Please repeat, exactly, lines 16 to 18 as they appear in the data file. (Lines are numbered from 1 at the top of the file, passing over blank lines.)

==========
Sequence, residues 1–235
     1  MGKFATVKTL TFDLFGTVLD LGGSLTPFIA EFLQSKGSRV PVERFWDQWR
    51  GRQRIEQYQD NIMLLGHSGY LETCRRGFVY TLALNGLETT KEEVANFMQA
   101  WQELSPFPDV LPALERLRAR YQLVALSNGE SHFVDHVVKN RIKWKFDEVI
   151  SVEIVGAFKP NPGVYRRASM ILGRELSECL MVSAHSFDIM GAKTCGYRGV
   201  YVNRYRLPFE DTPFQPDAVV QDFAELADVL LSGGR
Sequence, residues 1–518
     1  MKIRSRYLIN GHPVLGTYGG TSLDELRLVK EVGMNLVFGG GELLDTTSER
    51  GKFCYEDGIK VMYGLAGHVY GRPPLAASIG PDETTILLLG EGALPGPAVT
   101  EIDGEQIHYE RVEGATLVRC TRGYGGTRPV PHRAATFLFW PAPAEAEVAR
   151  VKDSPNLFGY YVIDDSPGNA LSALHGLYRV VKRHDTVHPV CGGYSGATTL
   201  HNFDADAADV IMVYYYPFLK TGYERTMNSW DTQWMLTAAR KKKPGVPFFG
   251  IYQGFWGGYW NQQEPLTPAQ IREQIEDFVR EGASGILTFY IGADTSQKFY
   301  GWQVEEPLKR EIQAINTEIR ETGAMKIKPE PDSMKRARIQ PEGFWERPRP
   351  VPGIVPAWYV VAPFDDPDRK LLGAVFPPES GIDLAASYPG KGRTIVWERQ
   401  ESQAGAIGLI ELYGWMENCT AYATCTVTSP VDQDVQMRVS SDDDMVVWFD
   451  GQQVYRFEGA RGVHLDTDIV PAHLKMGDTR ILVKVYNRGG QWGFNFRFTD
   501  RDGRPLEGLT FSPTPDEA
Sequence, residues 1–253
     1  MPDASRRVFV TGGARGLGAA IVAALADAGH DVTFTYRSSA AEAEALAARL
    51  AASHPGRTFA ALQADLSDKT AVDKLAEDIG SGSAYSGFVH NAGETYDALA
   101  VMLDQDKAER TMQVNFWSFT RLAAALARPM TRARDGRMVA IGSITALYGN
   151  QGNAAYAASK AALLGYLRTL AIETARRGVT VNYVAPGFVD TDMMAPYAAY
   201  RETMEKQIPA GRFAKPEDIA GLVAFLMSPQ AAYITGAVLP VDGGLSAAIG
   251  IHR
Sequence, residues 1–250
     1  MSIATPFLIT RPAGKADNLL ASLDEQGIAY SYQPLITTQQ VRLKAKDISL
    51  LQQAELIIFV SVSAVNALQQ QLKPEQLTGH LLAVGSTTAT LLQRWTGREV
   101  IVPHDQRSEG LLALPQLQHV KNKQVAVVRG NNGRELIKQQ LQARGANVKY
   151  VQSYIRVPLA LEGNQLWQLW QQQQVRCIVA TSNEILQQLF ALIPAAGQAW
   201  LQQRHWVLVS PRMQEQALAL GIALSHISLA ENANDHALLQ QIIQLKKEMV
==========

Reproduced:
   401  ESQAGAIGLI ELYGWMENCT AYATCTVTSP VDQDVQMRVS SDDDMVVWFD
   451  GQQVYRFEGA RGVHLDTDIV PAHLKMGDTR ILVKVYNRGG QWGFNFRFTD
   501  RDGRPLEGLT FSPTPDEA